Why oh why did we make these stupid Valentines?
I woke up today knowing it was the last day of the month- and the first monthly “Be Less of Butt Face” Day. I started the Facebook page with high hopes of inspiring others to commit acts of goodwill in their communities, but when I checked the site, there were exactly two people planning on performing good deeds today- myself and my idealistic fourteen year old niece (thanks, Kaile).
I had a throat so sore it felt like someone had been dragging a fork across it all night long. I stayed up late coughing trying to appease said sore throat. I was in no mood to be a good Samaritan. It would be so easy to just blow off the assignment, especially since it didn’t seem likely anyone would take notice. But dammit, I said I’d do something nice today, and so help me God, I was going to do something freaking nice!
Besides, kindness is not about getting everyone on your bandwagon- but I bet it would be a very pleasant wagon, with lots of nice snacks, warm drinks, neck rubs, and crooning voices. Kindness is about doing something good for someone else, without any need of recognition. So I threw on my Twinkie shirt, because it makes me feel good when I wear it, and got to work.
I enlisted my toddler to paint, glue, and glitter Valentines, with the idea that we would distribute the cards on the windshields of strangers. As our paper and hands became covered with acrylics, I began to wonder if there might be a better plan for giving out our Valentines. I have lived in my house since June, and have yet to meet the neighbors. How am I to help create a better community if I don’t even know the people living in it?
I looked down at at my fingertips thick with paint, beads, and color. The sunlight through the windows reflected off the tiny bits of glitter and as I moved my hands around, the tips dazzled and danced. For a brief moment, they appeared to be encrusted in jewels, not layered in craft supplies. As trite as it might sound, I had a physical manifestation of how kindness makes you beautiful. I set my mind that today was the day we would spread neighborly cheer.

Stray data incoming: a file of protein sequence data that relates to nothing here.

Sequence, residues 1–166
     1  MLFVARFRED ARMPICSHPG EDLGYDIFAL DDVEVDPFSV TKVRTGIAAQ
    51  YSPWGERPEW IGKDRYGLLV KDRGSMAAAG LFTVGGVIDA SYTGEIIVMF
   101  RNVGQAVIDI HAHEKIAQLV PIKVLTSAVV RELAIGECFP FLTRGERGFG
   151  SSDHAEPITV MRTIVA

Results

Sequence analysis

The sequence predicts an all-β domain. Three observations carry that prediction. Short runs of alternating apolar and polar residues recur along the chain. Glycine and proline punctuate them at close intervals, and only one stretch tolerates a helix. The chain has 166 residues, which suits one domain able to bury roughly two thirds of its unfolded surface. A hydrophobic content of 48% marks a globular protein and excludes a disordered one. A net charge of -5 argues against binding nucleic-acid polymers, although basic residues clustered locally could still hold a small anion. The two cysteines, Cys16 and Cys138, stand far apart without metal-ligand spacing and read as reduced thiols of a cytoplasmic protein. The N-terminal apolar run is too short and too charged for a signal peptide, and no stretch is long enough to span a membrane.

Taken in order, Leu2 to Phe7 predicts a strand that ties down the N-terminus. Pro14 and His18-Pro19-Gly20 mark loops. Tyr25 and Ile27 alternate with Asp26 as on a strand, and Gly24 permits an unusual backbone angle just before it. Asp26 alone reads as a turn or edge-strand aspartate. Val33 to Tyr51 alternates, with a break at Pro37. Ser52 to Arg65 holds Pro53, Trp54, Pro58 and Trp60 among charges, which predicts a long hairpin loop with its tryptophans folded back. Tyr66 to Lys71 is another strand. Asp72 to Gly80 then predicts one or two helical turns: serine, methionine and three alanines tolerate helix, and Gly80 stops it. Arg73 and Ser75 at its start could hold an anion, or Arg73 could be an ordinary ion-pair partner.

I am generally pretty bad at meeting strangers. Believe it or not, I am a bit shy. I have a hard time approaching people I don’t know, and when I force myself to do it, I generally come off as a bit of a stalker- “so, do you play at this park very often? Live around here? Let’s get together so our kids can play….wait! where are you going? Let’s hang out!”
Aftering finishing the Valentines, we needed to let the glue and paint dry. We ventured on a playdate and I got to talking with one of the moms who lives in my neighborhood. I had mentioned the Double Dare Food Drive to her, and she wanted to get on board. Yeah! At least one other person on the B-Face bandwagon of snacks and goodness!
We began exchanging ideas for how to get the kids and neighbors involved. If I went out Valentining today, she and her kids would go out with me next week to collect goods. The Valentines would serve to introduce the idea, and we could follow up in a few days once people had their goods ready. It felt really good to have someone else excited about this project, and to not just feel like a dork going door to door dropping off Valentines. And, I no longer had a out- I would be held accountable.